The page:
The former guerilla leader Alexander Beltran Herrera pled guilty to three counts related to hostage taking in a US District Court in the country’s capital, reported the United States Department of Justice. Beltran is currently in custody at the United States.
Beltran, alias “Rodrigo Pirinolo” was formerly a commander for the 27th Front of the FARC – the Revolutionary Armed Forces of Colombia – operating in the southern jungles of Colombia. Rodrigo Pirinolo reportedly testified that he was in charge of guarding the three hostages for almost two of the five years the Americans spent in FARC captivity.
Rodrigo Pirinolo is set to be sentenced for these crimes on July 25. The sentence can extend to a maximum of 60 years, as mandated by Colombian extradition policy. At least four other former FARC members are also serving prison sentences in the United States relating to the 2003 kidnapping.
In 2003, three American contractors working for the US State Department were captured after their small airplane crashed in the southern Colombian state of Caqueta. There were five original occupants of the plane, however an American pilot and a Colombian national were reportedly executed shortly after the crash. The three surviving American citizens Marc Gonsalves, Thomas Howes, and Kieth Stansell, were marched into the jungle by FARC members for 40 days until reaching a guerilla camp, where they were held for almost two years under Rodrigo Pirinolo.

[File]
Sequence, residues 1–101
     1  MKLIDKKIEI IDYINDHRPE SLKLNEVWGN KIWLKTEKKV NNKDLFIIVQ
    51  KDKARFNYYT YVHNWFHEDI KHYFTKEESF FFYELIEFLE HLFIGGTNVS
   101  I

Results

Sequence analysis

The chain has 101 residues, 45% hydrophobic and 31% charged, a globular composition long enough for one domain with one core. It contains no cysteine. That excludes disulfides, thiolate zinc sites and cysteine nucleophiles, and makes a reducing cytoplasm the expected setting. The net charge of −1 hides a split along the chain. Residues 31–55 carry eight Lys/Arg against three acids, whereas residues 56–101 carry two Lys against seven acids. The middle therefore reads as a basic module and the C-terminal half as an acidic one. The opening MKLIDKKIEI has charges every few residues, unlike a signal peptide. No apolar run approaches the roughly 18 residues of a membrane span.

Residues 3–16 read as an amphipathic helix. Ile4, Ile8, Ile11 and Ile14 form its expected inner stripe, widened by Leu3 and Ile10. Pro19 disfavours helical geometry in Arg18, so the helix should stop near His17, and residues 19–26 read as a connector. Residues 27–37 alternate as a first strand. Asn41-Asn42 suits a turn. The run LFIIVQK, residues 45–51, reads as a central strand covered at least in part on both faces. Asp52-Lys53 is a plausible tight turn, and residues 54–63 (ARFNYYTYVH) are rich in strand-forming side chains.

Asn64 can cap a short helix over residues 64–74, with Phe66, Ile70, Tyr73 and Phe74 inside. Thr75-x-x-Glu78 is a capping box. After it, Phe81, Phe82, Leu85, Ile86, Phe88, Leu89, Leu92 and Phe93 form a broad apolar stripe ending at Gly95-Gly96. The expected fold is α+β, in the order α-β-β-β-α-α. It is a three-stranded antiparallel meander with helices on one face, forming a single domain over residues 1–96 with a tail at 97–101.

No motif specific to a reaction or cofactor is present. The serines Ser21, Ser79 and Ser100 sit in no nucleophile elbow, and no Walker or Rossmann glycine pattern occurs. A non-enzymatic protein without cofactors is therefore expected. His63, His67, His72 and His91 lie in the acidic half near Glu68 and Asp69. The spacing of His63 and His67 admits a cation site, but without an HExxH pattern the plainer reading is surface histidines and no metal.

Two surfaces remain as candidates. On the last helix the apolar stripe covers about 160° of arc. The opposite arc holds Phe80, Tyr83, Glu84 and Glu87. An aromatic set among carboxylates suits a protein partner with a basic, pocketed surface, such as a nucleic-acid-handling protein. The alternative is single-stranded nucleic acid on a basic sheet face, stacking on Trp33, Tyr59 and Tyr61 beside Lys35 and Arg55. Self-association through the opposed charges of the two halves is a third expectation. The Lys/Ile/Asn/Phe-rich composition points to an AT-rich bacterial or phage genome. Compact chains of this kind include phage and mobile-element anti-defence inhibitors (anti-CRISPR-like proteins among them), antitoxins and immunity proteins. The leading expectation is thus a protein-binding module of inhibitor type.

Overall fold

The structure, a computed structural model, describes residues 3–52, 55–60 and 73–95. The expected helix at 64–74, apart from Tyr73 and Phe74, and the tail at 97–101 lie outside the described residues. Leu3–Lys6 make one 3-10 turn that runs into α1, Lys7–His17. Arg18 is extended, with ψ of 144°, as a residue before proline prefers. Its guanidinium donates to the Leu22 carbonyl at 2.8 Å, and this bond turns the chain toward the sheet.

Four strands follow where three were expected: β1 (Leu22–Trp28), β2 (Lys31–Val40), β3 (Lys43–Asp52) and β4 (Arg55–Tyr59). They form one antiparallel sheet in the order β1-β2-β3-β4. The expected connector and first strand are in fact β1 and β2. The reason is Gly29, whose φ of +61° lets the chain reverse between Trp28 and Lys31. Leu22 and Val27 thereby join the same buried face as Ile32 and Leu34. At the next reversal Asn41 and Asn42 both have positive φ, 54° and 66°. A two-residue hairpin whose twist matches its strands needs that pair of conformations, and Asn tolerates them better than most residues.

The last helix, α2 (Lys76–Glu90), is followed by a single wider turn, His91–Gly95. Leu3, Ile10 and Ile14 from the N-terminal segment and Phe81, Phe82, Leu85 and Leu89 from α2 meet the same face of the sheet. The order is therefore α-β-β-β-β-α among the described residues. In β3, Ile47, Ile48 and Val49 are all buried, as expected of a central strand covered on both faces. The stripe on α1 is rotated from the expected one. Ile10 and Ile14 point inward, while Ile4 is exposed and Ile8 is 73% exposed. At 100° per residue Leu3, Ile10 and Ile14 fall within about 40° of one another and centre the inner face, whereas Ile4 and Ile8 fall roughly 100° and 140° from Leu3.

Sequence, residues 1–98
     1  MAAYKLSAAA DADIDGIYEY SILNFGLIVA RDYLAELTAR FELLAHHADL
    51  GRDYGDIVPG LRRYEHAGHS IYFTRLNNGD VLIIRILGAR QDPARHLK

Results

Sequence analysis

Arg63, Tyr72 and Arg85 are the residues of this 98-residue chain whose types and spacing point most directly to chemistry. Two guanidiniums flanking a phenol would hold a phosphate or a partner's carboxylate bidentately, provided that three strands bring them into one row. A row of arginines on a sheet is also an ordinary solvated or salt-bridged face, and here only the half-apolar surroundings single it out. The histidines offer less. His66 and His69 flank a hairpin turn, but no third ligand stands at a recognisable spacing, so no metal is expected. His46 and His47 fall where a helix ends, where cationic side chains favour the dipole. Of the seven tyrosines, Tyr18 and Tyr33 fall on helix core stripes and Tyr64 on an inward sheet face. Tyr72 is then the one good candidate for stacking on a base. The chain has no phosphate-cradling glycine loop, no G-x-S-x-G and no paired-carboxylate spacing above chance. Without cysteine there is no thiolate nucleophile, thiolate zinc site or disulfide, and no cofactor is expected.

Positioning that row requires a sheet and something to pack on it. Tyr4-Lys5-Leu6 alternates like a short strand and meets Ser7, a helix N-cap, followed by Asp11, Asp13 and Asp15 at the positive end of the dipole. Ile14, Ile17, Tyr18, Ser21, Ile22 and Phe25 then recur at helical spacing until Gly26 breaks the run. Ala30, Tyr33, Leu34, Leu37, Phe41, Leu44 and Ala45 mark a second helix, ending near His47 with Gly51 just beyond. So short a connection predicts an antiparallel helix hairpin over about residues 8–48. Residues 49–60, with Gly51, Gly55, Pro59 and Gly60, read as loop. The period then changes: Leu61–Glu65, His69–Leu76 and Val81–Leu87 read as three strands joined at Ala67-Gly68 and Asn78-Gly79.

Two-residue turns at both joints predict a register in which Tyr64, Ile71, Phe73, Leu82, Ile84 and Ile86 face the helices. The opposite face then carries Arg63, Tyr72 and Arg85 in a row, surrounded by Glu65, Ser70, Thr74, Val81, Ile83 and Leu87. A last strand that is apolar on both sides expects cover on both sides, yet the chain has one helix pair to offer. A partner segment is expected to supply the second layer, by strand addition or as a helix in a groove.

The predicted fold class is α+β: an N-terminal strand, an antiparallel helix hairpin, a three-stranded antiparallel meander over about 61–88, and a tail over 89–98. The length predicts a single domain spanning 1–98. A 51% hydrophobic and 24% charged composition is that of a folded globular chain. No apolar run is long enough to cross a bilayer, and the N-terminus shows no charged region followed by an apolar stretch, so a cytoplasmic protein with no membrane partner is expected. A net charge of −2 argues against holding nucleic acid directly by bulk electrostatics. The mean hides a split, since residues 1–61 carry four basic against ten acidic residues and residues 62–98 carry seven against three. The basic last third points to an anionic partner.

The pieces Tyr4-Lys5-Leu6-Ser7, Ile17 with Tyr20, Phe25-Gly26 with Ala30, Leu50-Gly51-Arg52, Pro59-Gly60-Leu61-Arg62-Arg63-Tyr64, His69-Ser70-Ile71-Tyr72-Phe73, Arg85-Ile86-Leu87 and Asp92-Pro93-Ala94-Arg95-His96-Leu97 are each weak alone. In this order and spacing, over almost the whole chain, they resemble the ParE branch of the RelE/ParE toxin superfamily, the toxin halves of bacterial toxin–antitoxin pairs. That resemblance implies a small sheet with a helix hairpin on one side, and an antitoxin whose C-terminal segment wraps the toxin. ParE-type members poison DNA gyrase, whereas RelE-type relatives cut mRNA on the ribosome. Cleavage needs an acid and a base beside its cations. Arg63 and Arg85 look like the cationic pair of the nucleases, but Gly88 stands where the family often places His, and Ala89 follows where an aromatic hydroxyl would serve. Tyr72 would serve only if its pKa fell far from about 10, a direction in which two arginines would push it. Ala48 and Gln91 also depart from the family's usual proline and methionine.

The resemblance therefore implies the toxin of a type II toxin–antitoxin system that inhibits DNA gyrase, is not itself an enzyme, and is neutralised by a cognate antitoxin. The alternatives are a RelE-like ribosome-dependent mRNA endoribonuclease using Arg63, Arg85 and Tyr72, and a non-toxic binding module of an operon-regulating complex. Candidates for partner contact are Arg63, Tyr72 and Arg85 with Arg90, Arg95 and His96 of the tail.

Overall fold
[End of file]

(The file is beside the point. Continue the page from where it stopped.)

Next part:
In July 2008, the Americans were rescued by Colombian security forces after over five years in captivity alongside nearly a dozen Colombian police and military members and former Presidential Candidate Ingrid Betancourt.
The FARC is the oldest rebel group in Colombia, having operated in the South American nation for 50 years. During the late 1990s and first decade of the 2000s, the FARC was particularly active in kidnapping. Since November 2012, the FARC has taken part in peace dialogues with the Colombian government in Cuba. During this time kidnappings have fallen dramatically.